France ‘could stop beach launchings’ says Craig Mackinlay
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Around 40,000 migrants have crossed the Channel so far this year, with the Home Secretary criticised for warning of an “invasion” on the south coast. Provisional Government figures to date show 39,913 people have arrived in the UK after making the journey. Speaking to LBC, Mr Mackinlay said: “It almost doesn’t matter what we do if the French aren’t prepared to play ball.
“The French could stop the beach launchings in two weeks if they had a mind to.
“At least 90 percent of the beach launchings are happening plus or minus five miles from Calais.
“We’ve offered them help, but they have refused that help. We’ve offered them advanced drones, staff, military personnel, border force, and police and it’s been rebuffed.
“I cannot believe that it can’t be solved.
“My real worry here is that sometime over this winter as happened in last November, we will deaths in the Channel.
“It’s almost guaranteed this will happen. We’ve warned this will happen, we’ve begged the French to work with us but my fear is it will happen.”
It comes as four senior MPs have piled further pressure on the Home Secretary to explain how the Government will get to grips with the migrant crisis.
The parliamentary committee chairs have jointly written to Suella Braverman calling for clarity on how the Home Office will cut the number of treacherous small boat crossings and reduce “as a matter of urgency” the backlog in cases currently within the asylum system.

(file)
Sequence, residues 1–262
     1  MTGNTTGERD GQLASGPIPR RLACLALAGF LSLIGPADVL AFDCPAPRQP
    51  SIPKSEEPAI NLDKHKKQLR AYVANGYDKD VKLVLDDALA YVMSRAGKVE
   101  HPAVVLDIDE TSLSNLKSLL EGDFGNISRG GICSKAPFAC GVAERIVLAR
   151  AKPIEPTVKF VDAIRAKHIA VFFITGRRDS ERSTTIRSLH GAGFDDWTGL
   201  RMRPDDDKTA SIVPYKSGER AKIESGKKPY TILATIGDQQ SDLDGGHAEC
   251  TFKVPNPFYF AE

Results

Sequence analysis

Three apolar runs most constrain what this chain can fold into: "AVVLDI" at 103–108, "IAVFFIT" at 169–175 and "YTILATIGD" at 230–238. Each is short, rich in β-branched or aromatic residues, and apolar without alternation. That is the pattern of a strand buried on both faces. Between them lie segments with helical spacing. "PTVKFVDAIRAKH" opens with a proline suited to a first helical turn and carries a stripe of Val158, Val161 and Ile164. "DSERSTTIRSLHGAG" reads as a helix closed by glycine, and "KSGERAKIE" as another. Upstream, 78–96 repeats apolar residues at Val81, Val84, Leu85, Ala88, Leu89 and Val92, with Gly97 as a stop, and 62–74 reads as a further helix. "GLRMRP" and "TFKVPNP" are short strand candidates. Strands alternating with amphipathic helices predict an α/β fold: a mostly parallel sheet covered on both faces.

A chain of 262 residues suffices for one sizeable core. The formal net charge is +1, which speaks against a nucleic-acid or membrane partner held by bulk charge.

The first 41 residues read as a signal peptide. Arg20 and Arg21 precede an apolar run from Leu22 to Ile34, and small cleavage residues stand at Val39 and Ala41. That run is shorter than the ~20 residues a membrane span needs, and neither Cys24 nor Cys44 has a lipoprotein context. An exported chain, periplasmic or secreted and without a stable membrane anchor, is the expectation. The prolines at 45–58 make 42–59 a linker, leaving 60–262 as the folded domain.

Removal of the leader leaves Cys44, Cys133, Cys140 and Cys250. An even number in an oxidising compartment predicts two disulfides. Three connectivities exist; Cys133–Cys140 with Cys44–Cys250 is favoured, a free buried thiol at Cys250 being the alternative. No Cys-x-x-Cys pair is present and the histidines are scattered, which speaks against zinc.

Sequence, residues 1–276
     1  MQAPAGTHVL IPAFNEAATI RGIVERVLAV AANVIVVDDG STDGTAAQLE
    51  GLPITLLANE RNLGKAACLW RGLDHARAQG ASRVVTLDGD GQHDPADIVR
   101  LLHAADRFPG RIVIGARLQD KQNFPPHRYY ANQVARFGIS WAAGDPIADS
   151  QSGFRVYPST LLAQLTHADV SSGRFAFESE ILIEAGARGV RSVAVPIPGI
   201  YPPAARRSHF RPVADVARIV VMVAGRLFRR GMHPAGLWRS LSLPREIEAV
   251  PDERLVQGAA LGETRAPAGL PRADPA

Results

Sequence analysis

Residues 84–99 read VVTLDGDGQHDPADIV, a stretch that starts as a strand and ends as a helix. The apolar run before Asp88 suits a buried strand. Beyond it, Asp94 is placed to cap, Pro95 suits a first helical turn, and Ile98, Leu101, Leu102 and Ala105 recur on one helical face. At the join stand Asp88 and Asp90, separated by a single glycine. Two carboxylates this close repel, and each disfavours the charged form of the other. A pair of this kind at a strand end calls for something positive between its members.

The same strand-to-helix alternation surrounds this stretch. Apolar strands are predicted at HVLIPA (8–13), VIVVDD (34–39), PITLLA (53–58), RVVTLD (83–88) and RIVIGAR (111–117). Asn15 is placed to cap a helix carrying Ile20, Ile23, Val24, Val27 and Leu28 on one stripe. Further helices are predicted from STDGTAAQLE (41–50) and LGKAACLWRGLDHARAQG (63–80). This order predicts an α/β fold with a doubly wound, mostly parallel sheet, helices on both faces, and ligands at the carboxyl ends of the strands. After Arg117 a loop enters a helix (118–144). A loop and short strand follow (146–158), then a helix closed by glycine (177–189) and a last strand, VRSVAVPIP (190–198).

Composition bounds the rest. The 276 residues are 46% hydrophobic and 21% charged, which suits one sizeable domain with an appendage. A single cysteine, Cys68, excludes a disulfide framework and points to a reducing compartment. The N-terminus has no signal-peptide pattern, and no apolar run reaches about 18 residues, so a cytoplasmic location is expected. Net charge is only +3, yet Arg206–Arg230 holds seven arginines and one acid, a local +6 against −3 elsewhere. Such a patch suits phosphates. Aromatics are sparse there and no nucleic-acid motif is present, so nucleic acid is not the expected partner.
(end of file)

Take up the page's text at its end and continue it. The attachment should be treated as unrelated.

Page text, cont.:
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They also express their “deep concerns” over the “dire” conditions at the Manston asylum processing centre in Kent, asking what will be done to address the current situation and avoid overcrowding in future.
The letter states that reports in recent days suggest conditions have “substantially deteriorated” at Manston, and that “unacceptably long stays have increased, including for families and unaccompanied children”.
On Wednesday afternoon, a young girl threw a bottle containing a letter over the perimeter fence to a PA news agency photographer, claiming there were pregnant women and sick detainees at the facility.
The note, written in broken English and addressed to “journalists, organisations, everyone” appeared to suggest 50 families had been held there for more than 30 days.
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In their letter to Ms Braverman, the committee chiefs call for clarity on what policies the Home Office has in place to address the conditions at the centre and ensure it does not face such overcrowding again.
They also say they are keen to understand how the department will cut the number of small boat arrivals, and reduce “as a matter of urgency” the backlog in cases currently within the asylum system.
The letter is signed by the chairs of the Home Affairs Committee, Justice Committee, Joint Committee on Human Rights and Women and Equalities Committee, and requests a response by November 16.
It follows a warning from council chiefs that Kent is at “breaking point” as a result of the migrant crisis, with the potential for disorder at Manston and the risk of far-right violence.
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